The $747 million that IRCC will receive is part of an overall $875 million over six years that Canada’s federal government has set aside for its transition to a multi-year immigration levels plan.
In an email, IRCC spokesperson Lindsay Kemp said the additional funds “will ensure that we continue to manage the immigration system carefully and responsibly,” adding that the largest proportion will be used for settlement services.
“Settlement costs are formula driven,” Kemp said. “As Canada welcomes more newcomers, settlement costs increase proportionately.”
The balance of these additional costs will be used to support IRCC and its security partners to process and screen additional applications for permanent residence, Kemp said.
The costs associated with Canada’s 2018-2020 Immigration Levels Plan, which has an admissions target of nearly one million immigrants over that three-year period, will be partially offset by increased revenue from the fees all applicants for permanent residence must pay.
Canada’s plan to increase admissions through economic immigration programs by 60 per cent is also expected to help balance the costs of the multi-year immigration levels plan by addressing labour shortages and supporting economic development.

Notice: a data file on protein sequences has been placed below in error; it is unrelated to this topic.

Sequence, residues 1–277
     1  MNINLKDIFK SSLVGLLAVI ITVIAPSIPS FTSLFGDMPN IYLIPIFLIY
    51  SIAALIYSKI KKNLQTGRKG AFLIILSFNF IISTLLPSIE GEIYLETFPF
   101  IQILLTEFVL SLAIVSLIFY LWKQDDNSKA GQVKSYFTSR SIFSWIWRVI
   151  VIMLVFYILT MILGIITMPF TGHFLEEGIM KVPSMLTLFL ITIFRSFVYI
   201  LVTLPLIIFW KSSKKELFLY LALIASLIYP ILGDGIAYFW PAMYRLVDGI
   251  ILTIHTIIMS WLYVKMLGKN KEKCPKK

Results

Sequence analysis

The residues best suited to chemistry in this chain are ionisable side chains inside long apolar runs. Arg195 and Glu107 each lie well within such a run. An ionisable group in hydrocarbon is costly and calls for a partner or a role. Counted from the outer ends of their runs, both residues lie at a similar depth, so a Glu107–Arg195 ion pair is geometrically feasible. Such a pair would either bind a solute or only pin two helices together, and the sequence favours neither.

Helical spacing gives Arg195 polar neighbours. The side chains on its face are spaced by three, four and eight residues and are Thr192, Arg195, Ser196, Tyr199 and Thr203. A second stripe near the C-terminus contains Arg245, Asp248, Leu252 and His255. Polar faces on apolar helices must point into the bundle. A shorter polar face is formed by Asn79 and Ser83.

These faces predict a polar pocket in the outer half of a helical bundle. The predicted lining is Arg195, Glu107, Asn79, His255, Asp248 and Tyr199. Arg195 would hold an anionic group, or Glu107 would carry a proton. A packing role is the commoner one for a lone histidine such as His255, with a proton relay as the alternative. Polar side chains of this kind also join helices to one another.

“Higher immigration will contribute to more economic growth, and therefore to increased taxation revenues,” Kemp said.
IRCC says the $747 million is in addition to sums already disclosed under the federal government’s 2018 budget. These include:
- $196 million over five years for the Temporary Foreign Workers Program for unannounced inspections, continuing the International Compliance Regime and collecting labour market data about open work permits.
- $32 million over three years for a pilot project in support of programming to remove potential employment barriers for newcomer women of a visible minority.
- $17 million to process asylum claims in 2018-2019 in connection with irregular migration at the Canada-United States border.
- $7 million over 5 years, and $800,000 per year ongoing, to establish the Start-up Visa Program as a permanent pathway to immigration. This program makes it easier for foreign entrepreneurs actively seeking new business ventures in Canada to become permanent residents and scale up, creating more jobs for Canadians.